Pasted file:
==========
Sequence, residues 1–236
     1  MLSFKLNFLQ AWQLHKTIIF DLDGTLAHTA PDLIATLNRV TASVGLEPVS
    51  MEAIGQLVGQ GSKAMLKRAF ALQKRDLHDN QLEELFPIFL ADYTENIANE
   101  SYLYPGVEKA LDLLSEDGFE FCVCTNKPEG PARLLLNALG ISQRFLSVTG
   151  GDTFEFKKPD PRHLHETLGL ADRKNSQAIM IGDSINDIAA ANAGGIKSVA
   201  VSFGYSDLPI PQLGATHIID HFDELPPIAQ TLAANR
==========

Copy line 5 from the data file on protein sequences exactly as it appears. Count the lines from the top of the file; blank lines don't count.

   151  GDTFEFKKPD PRHLHETLGL ADRKNSQAIM IGDSINDIAA ANAGGIKSVA